Back to the Future: Adjusting University Continuing Education Research to an Emerging Trend
AbstractA major change is presently occurring in University Extension or University Continuing Education (UCE) units, from ongoing continuing education (CE) programs (certificates, etc.) to unique major projects supporting overall institutional goals and specific community needs. Given this change, the type of research traditionally associated with CE (market research, ongoing program evaluation, etc.) now needs to be at least supplemented, if not replaced, by a type of research more appropriate to the new type of activity occurring in extension/UCE units.For a number of theoretical and practical reasons, this research should consist largely of case studies of UCE programs and projects. An on-line database of these case studies could serve not only as a resource for improving practice, but also as the knowledge base underlying a graduate program offered by a consortium of UCE units. By creating a practice-based graduate program focused specifically on CE, in contrast to the broader, more theoretical programs generally offered by adult education departments, CE units can increase the amount, quality, and relevance of CE research.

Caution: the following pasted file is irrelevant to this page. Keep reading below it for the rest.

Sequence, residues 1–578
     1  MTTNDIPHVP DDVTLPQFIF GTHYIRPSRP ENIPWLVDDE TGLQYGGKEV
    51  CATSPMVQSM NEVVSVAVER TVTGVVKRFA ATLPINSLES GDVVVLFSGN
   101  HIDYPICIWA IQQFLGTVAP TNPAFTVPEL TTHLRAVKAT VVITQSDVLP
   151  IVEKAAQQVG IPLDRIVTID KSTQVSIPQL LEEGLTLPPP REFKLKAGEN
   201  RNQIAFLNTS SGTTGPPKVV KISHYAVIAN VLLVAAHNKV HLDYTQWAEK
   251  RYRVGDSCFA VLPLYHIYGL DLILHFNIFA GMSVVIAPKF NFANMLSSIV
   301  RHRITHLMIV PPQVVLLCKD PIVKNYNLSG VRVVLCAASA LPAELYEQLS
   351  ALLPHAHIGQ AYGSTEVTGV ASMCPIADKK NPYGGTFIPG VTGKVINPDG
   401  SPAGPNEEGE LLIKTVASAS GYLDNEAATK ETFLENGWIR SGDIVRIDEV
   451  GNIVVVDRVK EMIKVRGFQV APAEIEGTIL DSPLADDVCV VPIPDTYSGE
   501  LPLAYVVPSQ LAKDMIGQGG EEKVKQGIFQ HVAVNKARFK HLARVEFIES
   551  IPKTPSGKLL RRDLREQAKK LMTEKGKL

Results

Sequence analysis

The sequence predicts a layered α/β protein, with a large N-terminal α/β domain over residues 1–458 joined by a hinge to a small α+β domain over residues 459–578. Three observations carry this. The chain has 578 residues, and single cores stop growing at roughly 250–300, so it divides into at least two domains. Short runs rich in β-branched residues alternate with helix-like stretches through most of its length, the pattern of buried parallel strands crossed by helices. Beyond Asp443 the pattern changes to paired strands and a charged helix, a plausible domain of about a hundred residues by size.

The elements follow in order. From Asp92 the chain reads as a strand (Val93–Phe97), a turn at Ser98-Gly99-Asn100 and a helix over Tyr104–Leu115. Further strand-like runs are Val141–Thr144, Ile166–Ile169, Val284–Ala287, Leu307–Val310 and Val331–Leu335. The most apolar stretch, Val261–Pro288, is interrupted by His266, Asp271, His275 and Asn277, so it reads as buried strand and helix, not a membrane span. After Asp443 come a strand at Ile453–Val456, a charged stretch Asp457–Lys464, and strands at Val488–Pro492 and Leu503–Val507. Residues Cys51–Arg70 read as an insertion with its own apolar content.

Authors who publish with this journal agree to the following terms:
Authors retain copyright and grant the journal right of first publication with the work simultaneously licensed under a Creative Commons Attribution License that allows others to share the work with an acknowledgement of the work's authorship and initial publication in this journal.
Authors are able to enter into separate, additional contractual arrangements for the non-exclusive distribution of the journal's published version of the work (e.g., post it to an institutional repository or publish it in a book), with an acknowledgement of its initial publication in this journal.
Authors are permitted and encouraged to post their work online (e.g., in institutional repositories or on their website) prior to and during the submission process, as it can lead to productive exchanges, as well as earlier and greater citation of published work (See The Effect of Open Access).